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· August 25, 2013

Domestic Violence Advocates Call for Changes to Law

Yesterday, Andrea Metil, a domestic violence victim, joined the Ohio Domestic Violence Network in calling for changes to the law. Metil shared her personal experience where the state was unable to enforce a restraining order because they were unable to deliver the protection order in person, as required by Ohio law according to a recent Supreme Court ruling. Shortly after Metil was married her husband turned violent. She bravely responded to his abuse by contacting the police and stopping contact with her husband. However, her husband continued to send threatening letters, to make threatening phone calls and to avoid deputies who attempted to deliver the official order. The Supreme Court recently ruled that verbal notification is not enough for an individual to be convicted of violating the order. The individual must be notified in person, which can be difficult to do. In Metil’s case because deputies couldn’t serve him notice of the protection order he could not be convicted of violating it, despite the face that his wife had told him of it and her attorney had notified his attorney. Her charges accusing her  husband of violating the order were dropped shortly after this ruling was made. Justice Kennedy wrote the majority opinion supporting this ruling and said:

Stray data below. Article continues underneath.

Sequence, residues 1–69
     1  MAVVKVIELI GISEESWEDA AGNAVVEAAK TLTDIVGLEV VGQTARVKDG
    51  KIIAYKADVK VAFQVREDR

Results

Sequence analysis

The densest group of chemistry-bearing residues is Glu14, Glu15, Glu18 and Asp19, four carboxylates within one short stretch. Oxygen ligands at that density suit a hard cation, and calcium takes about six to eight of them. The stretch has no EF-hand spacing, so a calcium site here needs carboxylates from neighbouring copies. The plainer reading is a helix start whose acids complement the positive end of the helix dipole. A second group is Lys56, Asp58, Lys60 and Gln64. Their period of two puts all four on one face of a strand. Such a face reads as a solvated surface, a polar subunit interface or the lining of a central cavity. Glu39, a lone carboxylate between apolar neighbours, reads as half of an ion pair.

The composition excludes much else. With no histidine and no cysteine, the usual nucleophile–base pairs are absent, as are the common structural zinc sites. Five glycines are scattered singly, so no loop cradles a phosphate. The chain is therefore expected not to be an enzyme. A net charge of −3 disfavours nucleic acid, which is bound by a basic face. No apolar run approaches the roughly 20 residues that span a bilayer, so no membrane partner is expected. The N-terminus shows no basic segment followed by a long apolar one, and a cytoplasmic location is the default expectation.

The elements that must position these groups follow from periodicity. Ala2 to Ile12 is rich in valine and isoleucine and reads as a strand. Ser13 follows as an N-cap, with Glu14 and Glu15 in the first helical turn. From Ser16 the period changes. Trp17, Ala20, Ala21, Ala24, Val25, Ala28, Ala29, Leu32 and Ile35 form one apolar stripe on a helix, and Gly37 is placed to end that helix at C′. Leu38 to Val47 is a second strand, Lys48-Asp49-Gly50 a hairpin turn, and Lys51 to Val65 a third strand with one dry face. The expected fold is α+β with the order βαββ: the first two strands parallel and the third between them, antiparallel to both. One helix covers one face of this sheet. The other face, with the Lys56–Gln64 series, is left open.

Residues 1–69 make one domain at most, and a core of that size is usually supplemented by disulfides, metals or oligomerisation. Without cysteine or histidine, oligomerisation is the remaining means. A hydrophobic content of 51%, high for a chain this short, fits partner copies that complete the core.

“To sustain a conviction for violation of a protection order … the state must establish beyond a reasonable doubt that it served the defendant with the order before the alleged violation,”
This is not enough for victims of domestic violence. According to Nancy Neylon, the executive director of the Ohio Domestic Violence Network, abusers “frequently will do everything they can to avoid delivery of service of a civil protection order. It is simply not feasible for Deputies to track down every respondent who leave the jurisdiction or seeks to avoid/deliver services.” Neylon and Metil called on members of the legislature to introduce legislation to change this law providing increased protection for domestic violence victims.

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